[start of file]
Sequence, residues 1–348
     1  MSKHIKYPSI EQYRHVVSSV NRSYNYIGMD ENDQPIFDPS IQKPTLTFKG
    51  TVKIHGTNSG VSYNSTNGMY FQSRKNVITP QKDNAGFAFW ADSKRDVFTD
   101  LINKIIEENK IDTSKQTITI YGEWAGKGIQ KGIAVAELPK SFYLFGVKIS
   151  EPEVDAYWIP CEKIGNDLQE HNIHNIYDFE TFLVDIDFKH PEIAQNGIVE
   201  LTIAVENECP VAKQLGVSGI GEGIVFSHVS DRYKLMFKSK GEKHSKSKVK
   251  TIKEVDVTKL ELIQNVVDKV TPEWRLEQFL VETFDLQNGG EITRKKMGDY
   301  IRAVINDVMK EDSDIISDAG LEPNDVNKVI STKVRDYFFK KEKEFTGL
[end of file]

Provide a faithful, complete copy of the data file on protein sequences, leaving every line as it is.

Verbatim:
Sequence, residues 1–348
     1  MSKHIKYPSI EQYRHVVSSV NRSYNYIGMD ENDQPIFDPS IQKPTLTFKG
    51  TVKIHGTNSG VSYNSTNGMY FQSRKNVITP QKDNAGFAFW ADSKRDVFTD
   101  LINKIIEENK IDTSKQTITI YGEWAGKGIQ KGIAVAELPK SFYLFGVKIS
   151  EPEVDAYWIP CEKIGNDLQE HNIHNIYDFE TFLVDIDFKH PEIAQNGIVE
   201  LTIAVENECP VAKQLGVSGI GEGIVFSHVS DRYKLMFKSK GEKHSKSKVK
   251  TIKEVDVTKL ELIQNVVDKV TPEWRLEQFL VETFDLQNGG EITRKKMGDY
   301  IRAVINDVMK EDSDIISDAG LEPNDVNKVI STKVRDYFFK KEKEFTGL